Luke Wagner did some measurements that showed that most (70–80%) JSScripts created in the browser are never run.  In hindsight, this isn’t so surprising — many websites load libraries like jQuery but only use a fraction of the functions in those libraries.  If SpiderMonkey could be changed to generate bytecode for scripts lazily, it could reduce “script-data” memory usage by 60–70%.  This would also allow the decompiler to be removed, which would be great.

Luke also proposed sharing immutable parts of scripts between web pages.  This would avoid a lot of duplication in the case where you have many tabs open with pages from a single site.

Both of these changes potentially will make the browser faster as well, because SpiderMonkey will spend less time compiling JavaScript source code to bytecode.

No-one is assigned to work on these bugs.  The lazy script creation can be done entirely within the JS engine;  the script sharing requires assistance from Necko.  Luke is currently busy with some other righteous refactorings, but I’m quietly hoping once they’re done he might find time for one or both of these bugs.

#5: Better Memory Reporting

Before you can reduce memory consumption you have to measure it.  about:memory is the critical tool that has facilitated much of MemShrink’s work.  (For example, we never would have known about zombie compartments without it.)  It’s in pretty good shape now but there are two major improvements that can be made.

First, the “heap-unclassified” number (a.k.a “dark matter”) is still typically around 20–25%.  My goal is to reduce that to 10%. This won’t require any great new insights, we already have the tools and data required.  Rather, it’s just a matter of grinding through the list of memory reporters that need to be added and improved.

Second, the resources used by each browser tab are reported in an unwieldy fashion:  JS memory on a per-compartment basis;  layout memory on a per-docshell basis;  DOM memory on a per-window basis.  Only a few internal architectural changes stand in the way of uniting these to provide the oft-requested feature of per-tab memory reporting.  This will be great for users, because if Firefox is using more memory than they’d like, it tells them which tabs they should close in order to free up memory.

I am actively working on both these improvements, and I’m hoping that within a couple of months they’ll be mostly done.

#4: Better Memory Consumption Tracking

One thing we haven’t done well in MemShrink is to improve the state of tracking Firefox’s memory consumption.  We have plenty of anecdotes but not much hard data about the improvements we’ve made, and we don’t have good ways to detect any regressions.  A couple of ideas haven’t gone very far, but some good news is that John Schoenick is making great progress on a proper areweslimyet.com implementation.  John has demonstrated preliminary versions of the site at two MemShrink meetings and it’s looking very promising.  It uses the endurance test framework to make the measurements, and opens lots of pages from the Talos tp5 pageset.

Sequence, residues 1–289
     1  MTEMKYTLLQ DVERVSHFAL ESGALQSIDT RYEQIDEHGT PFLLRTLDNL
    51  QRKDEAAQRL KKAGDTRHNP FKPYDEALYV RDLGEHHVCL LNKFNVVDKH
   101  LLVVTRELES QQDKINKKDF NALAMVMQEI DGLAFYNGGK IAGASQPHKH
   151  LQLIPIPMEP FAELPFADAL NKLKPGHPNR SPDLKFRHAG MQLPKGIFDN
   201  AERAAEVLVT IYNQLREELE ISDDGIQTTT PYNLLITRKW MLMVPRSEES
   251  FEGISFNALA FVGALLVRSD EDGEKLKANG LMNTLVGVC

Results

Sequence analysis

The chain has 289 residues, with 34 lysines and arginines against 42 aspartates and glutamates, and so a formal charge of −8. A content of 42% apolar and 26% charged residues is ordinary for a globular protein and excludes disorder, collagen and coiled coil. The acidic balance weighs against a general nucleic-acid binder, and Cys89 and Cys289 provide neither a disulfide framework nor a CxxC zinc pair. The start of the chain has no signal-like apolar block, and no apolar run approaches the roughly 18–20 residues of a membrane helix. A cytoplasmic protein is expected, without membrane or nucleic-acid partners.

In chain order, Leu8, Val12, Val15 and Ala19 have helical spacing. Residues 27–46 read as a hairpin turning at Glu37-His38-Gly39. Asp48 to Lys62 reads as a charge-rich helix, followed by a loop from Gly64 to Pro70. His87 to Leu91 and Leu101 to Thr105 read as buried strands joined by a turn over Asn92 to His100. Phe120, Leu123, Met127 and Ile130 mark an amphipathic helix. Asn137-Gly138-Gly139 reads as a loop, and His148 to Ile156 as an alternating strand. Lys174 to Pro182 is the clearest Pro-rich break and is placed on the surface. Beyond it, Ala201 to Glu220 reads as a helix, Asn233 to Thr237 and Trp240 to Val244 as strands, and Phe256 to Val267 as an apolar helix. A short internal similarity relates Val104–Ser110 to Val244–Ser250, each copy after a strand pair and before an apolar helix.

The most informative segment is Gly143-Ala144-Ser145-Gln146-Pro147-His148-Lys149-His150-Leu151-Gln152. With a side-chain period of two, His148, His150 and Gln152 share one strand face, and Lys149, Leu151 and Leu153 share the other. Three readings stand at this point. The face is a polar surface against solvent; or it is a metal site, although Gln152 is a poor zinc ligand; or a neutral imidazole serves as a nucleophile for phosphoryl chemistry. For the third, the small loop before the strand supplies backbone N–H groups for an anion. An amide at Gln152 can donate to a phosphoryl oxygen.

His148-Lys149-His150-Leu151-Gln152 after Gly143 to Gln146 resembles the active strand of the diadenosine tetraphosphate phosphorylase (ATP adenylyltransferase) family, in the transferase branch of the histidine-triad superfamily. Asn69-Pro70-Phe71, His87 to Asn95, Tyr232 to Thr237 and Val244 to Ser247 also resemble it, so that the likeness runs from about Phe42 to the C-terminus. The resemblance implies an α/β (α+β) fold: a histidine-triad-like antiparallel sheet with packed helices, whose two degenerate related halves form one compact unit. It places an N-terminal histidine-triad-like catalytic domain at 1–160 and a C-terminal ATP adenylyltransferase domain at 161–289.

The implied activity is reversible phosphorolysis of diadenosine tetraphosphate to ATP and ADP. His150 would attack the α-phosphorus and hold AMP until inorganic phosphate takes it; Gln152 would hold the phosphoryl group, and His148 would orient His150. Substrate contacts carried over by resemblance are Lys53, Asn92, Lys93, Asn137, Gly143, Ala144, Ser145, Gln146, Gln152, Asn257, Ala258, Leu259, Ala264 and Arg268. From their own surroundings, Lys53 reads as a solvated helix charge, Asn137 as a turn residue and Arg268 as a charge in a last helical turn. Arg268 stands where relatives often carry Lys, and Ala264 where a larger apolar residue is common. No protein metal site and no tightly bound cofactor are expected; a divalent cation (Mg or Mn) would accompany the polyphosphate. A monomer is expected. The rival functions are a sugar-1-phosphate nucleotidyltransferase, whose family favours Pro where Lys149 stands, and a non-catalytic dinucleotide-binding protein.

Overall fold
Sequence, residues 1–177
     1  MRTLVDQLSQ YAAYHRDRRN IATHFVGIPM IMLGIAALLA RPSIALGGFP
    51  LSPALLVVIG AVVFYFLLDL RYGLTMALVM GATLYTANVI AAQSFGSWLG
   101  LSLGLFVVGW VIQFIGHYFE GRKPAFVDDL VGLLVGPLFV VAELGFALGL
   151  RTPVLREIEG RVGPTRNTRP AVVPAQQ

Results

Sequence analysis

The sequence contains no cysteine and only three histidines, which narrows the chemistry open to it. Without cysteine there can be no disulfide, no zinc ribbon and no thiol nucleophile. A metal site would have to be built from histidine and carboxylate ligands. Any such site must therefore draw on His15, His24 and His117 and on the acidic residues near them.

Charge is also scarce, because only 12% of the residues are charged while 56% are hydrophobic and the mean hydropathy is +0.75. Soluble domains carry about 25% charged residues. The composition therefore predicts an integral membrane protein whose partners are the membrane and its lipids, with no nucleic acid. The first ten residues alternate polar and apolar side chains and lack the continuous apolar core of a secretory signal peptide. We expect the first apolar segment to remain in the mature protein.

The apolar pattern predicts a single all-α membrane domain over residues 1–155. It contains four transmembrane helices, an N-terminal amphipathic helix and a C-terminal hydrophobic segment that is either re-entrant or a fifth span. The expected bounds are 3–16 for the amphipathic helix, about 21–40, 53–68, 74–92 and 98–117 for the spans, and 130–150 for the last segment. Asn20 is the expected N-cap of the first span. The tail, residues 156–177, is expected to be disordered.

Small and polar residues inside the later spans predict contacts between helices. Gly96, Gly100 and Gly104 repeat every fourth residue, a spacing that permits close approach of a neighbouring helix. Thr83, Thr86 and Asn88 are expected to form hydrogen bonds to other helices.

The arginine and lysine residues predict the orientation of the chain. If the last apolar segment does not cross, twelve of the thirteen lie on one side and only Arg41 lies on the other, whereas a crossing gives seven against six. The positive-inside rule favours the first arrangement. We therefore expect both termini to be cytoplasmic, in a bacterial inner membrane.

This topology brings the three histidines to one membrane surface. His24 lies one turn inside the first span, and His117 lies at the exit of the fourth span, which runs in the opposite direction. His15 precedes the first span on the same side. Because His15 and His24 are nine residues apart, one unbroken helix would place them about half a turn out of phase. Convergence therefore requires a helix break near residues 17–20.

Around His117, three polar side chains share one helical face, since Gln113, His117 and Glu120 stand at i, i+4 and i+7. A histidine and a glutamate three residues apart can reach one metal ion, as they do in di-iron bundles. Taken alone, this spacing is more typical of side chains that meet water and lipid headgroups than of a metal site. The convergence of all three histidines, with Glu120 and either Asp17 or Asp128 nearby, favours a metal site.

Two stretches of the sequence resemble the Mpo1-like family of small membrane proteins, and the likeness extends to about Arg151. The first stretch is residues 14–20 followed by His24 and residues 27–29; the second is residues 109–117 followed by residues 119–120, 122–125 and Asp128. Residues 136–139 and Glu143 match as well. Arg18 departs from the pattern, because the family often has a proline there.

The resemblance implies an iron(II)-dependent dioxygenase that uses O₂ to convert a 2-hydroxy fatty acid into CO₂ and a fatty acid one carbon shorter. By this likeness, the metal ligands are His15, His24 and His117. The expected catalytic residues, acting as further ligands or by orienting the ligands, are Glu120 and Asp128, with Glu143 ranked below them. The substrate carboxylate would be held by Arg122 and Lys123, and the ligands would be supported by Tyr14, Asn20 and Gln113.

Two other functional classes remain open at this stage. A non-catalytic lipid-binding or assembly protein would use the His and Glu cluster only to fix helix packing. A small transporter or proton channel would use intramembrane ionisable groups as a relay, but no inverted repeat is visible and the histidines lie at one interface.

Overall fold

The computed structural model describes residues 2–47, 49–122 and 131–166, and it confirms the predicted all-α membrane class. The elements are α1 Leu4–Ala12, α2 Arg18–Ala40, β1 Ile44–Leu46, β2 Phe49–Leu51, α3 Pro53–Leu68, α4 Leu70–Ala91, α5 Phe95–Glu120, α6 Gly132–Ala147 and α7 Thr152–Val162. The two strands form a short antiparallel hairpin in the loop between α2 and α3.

We also hope to use telemetry data to analyze how the memory consumption of each released version of Firefox stacks up.  That analysis would come with a significant delay — weeks or months after each release — but it would be much more comprehensive than any oft-run benchmark, coming from the real-world usage patterns of thousands of users.

#3: Compacting Generational GC

If you look in about:memory, JavaScript memory usage usually dominates.  In particular, the “js-gc-heap” is usually large.  There’s also the “js-gc-heap-unused-fraction” number, often 30% or higher, which tells you how much of that space is unused because of fragmentation.  That percentage overstates things somewhat, because often a good proportion of that unused space (see “js-gc-heap-decommitted”) is decommitted, which means that it’s costing nothing but address space… but that is cold comfort if you’re suffering out-of-memory aborts on Windows due to virtual memory exhaustion.

A compacting garbage collector is one that can move objects around the heap, filling up all those little gaps that constitute fragmentation.  The JS team (especially Bill McCloskey and Terrence Cole) is implementing a compacting generational garbage collector, which is a particular kind that tends to have good performance.  In particular, many objects die young and generational collectors find these quickly, which means that the heap will grow at a significantly slower rate than it currently does.  I could be wrong, but I’m convinced this will be a big win for both memory consumption and speed.

#2: Better Foreground Tab Image Handling

Images are stored in a compressed format (e.g. JPEG, PNG, GIF) on disk.  In order to display them, a browser must decompress (a.k.a decode) the compressed form into a raw pixel form that can easily be ten times larger.  This decoded form can be discarded and regenerated as necessary, and there are trade-offs to be made — for example, if you are too aggressive in discarding decoded images, you might have to decode them again, which will take CPU cycles and the user might see flickering if the decoding occurs in the visible part of the page.